Bacteria inoculation and imaging system
Research in microbial interaction by means of co-inoculation of bacteria can help us gain an understanding of the complex interactions that happen in all biological systems where a “soup” of all kinds of microorganisms is present. At present, this is done by manually inoculating to bacterial colonies in close proximity on a given medium and then doing a growth curve, which involves measuring their growth every 4 hours for 36-72 hours – especially the growth measurement is extremely tedious, and is the reason there are sleeping facilities at the institute because of the long time it takes to finish the data collection. Even going through all this work, the amount of parameters such as differences in growth medium, different combinations of bacteria and a variety of other parameters is extremely limited. Gathering a dataset of a size which can really accelerate our understanding of bacterial interaction would require monumental resources with this traditional approach.
Reshape Biotech and DTU Bioengineering have therefore recently initiated a pilot project to determine the requirements for a high-throughput system capable of automating this process. Not only will this save a lot of valuable time, allowing researchers to instead design new experiments and analyzing results – it will also dramatically increase the amount of data that can be gathered, and the resolution with which the various parameters can be varied. Gaining this understanding will allow advances in a variety of fields – for example understanding the behavior of antibiotics when applied to a complicated biofilm consisting of a variety of bacteria.
Due to our flexible technical infrastructure, we can offer this type of system at a fraction of the cost compared to many of our competitors, while also using the newest technology when it comes to computer vision for measuring and analysing the bacteria colonies automatically, liquid and sample handling to handle the high throughput requirements based on digital fabrication technology, and in the end, the lead researcher for the project at DTU Bioengineering Lars Jelsbak will be able to lead the way in the scientific community because of these new possibilities.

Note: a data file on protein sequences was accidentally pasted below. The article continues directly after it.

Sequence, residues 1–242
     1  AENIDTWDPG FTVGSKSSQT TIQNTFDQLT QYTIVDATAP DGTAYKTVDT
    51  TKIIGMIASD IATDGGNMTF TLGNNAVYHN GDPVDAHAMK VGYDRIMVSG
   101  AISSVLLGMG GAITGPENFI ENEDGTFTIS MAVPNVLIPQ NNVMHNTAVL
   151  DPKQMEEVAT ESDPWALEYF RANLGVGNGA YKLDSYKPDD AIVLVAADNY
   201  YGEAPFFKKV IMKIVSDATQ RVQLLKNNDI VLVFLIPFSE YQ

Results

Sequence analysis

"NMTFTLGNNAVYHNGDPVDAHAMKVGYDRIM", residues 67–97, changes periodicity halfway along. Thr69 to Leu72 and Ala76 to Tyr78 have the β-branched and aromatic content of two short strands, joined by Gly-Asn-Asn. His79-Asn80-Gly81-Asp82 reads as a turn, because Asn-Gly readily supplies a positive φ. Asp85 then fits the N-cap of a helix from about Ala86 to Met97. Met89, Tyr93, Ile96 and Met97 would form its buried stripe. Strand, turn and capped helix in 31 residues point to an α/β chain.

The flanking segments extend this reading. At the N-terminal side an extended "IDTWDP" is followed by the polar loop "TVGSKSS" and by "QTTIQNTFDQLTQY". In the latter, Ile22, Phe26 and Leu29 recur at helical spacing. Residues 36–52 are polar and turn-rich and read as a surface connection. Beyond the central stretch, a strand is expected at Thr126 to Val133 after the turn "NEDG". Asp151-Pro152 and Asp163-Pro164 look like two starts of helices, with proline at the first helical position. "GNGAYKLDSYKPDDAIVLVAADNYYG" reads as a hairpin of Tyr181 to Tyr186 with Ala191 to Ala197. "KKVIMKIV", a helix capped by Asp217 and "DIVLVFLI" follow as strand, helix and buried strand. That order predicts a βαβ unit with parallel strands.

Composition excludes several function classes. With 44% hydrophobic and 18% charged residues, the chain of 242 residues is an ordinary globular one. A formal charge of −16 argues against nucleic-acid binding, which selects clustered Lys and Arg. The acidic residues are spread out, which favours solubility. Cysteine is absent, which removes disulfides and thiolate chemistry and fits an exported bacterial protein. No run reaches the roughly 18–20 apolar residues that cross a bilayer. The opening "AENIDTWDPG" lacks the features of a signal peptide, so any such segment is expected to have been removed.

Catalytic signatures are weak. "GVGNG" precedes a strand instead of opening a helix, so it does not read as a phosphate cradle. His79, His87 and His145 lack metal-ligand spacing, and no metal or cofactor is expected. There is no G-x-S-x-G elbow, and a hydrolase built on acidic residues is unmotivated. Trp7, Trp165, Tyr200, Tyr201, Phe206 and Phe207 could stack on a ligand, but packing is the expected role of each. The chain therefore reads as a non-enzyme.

Semi-automatic moss plating
Mosspiration Biotech uses moss as a green cell factory to produce small natural products. Physcomitrella patens or spreading earthmoss is the perfect plant for this. Using Physcomitrella we produce fine chemicals that are normally obtained from rare, endangered or non-agricultural plants.
Mosspiration Biotech was unable to find a spiral plater able to handle the fluid behaviour of dissolved moss particles. The moss is placed on top of a cellophane film, as it needs to be removed from the growth medium after growing sufficiently. The cellophane surface is very smooth, and complicates the plating process due to limited friction.
The task is usually performed by hand by ejecting the suspended moss particles on the plate, and manually spreading the particles over the surface using tweezers. By using our spiral plater, the prepared plate is placed in the holder and the location of the pipette is adjusted in case the height of the agar varies. By the press of a button, the suspended moss particles are then evenly distributed across the plate and the machine is then ready for the next prepared plate. This reduces the amount of manual labour and removes the tiresome and long process of manually spreading the particles by hand.